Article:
wildcards in the Private-Package header—make the regular expression too general,
and bnd will package up the entire classpath into a single bundle. (This brings us
neatly back to the importance of double-checking the bundles produced by bnd in
case of disaster!)
WARNING: WRONG VERSION? WRONG CLASSPATH Bnd's automatic versioning
of package imports is incredibly useful, but if you get things wrong it can leave
you with bundles that won't start when you deploy them in production. If you
compile against a package with version 1.1.0, bnd will (correctly) set the min-
imum version for that package import as version 1.1.0. What happens if you
then deploy into an environment where that package is only available at ver-
sion 1.0.0? The OSG i framework will refuse to start your bundle because its
minimum requirements aren't met, even if all your code really needed was ver-
sion 1.0.0. You can fix this problem by manually specifying the version range
for the import in your bnd.bnd file, but a cleaner solution is to make sure that
what you're compiling against lines up with what you're deploying against.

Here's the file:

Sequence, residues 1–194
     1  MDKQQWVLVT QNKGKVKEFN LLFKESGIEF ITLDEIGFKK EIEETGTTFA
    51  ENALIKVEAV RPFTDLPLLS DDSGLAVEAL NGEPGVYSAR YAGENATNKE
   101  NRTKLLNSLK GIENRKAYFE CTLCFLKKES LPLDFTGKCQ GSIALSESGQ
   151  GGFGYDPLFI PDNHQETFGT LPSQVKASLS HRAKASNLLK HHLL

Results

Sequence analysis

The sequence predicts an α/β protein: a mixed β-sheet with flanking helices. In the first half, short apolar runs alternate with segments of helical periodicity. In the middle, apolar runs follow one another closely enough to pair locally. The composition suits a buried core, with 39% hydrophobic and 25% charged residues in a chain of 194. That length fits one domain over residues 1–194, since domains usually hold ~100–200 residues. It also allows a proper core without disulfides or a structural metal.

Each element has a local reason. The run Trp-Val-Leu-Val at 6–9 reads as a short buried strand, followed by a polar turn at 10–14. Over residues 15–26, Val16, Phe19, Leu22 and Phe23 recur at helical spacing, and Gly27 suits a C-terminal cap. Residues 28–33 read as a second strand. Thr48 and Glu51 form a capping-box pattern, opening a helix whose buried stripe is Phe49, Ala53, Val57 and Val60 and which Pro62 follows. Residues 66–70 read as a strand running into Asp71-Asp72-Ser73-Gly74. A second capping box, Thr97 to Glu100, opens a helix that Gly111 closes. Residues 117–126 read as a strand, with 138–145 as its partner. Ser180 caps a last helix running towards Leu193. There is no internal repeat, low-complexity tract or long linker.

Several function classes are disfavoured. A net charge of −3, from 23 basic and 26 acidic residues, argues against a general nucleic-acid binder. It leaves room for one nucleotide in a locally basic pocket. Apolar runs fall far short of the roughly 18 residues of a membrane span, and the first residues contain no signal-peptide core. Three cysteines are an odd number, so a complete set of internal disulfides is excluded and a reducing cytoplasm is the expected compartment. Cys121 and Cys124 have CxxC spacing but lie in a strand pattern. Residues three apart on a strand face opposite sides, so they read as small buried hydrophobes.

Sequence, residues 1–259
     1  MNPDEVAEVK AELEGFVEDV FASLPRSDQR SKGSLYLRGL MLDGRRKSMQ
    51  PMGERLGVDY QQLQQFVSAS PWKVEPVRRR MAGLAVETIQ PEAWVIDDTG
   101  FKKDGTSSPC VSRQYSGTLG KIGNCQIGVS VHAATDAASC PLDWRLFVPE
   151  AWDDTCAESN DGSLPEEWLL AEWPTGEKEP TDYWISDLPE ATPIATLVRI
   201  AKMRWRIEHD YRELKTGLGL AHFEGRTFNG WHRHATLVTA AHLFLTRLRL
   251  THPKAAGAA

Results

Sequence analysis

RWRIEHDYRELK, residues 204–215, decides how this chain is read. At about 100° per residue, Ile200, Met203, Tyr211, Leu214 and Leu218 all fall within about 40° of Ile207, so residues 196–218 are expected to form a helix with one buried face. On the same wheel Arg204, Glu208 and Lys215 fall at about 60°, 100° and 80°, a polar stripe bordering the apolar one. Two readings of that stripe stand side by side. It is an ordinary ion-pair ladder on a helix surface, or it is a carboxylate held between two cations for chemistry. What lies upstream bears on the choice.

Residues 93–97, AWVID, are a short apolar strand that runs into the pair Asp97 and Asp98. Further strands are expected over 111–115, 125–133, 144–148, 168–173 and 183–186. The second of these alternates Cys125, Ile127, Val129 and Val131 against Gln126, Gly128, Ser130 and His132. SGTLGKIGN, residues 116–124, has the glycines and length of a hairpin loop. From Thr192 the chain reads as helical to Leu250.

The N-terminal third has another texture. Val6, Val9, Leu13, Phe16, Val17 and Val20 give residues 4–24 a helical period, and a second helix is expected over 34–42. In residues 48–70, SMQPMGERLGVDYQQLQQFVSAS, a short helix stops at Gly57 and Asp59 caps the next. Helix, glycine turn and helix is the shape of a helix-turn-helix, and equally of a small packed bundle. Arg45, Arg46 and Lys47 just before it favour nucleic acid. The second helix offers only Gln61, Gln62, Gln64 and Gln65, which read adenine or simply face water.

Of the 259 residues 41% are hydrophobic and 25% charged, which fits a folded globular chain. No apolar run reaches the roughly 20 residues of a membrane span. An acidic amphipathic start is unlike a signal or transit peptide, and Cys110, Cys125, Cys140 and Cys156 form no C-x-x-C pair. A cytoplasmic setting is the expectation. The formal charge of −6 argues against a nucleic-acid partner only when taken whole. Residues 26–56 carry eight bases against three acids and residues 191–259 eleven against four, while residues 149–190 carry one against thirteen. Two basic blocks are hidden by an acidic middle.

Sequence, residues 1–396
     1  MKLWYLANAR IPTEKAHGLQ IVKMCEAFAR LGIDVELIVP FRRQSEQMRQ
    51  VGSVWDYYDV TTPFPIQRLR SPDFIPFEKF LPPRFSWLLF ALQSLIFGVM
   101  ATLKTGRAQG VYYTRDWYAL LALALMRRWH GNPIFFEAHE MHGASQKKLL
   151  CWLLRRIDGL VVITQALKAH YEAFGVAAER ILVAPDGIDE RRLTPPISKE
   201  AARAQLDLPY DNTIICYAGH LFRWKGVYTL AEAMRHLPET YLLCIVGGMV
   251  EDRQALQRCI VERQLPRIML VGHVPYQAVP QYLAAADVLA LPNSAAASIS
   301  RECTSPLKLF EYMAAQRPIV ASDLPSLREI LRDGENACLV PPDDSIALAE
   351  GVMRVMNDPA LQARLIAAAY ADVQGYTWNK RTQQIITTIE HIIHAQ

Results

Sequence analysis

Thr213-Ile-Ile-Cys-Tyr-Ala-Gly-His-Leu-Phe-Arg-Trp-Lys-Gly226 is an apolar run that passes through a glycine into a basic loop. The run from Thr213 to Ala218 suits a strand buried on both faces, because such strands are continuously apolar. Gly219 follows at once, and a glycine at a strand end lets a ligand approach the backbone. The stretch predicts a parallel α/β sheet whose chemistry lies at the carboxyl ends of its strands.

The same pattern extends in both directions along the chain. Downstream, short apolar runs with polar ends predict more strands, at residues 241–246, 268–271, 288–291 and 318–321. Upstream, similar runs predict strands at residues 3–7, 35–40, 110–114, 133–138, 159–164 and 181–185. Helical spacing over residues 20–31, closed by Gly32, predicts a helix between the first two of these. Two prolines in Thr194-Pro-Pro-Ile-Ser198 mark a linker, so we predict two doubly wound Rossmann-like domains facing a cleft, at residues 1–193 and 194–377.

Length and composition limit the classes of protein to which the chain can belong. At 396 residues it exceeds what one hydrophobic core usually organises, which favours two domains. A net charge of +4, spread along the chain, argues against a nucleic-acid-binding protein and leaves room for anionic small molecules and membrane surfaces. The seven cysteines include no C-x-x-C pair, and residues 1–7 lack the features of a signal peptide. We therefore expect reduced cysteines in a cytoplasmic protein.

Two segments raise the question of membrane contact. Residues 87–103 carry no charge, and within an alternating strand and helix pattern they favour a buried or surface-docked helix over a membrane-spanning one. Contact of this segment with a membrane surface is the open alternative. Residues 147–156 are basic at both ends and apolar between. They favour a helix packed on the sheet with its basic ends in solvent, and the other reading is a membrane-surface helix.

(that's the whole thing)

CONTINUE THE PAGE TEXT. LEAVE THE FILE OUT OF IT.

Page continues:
You'll want to compile against the lowest compatible version of a bundle.
Let's look in more depth at what can go into a bnd configuration file.
MAKING THE MOST OF THE BND FILE
The bnd file is an extremely flexible and powerful configuration tool. As well as the
wildcards we've already seen, it supports variable substitution, macros, inheritance,
and even Declarative Services.
The Import-Package , Export-Package , and Private-Package headers all allow
wildcards. This means bundle exports can be specified concisely. For example, if you
adopt a naming convention that assumes packages ending with .impl are private, the
following .bnd snippet will automatically export only what it should:
Export-Package: !*.impl, *
If the same package is included in both Export-Package and Private-Package , the
export takes precedence.
One nice thing about the variable substitution is you can include as much or as lit-
tle detail as you like. You can specify nothing but * , or copy and paste whole import
declarations from existing manifests, or add in package versions or other package
directives where needed. Even if you do explicitly list out a bundle's package imports,
it's a good idea to add a catch-all * at the end of the list to import anything you've for-
gotten—or didn't even know you needed. If you don't import everything you need,
then bnd will issue warnings to tell you so. If you choose to continue from there, then
you expose yourself again to the dreaded NoClassDefFoundError .
So far all the bnd functionality we've seen has been about generating manifests—
better, smarter, cleaner manifests, but still manifests. Bnd can also use the information
in the bnd.bnd file to generate other types of resources. In particular, it can be used
for Declarative Services.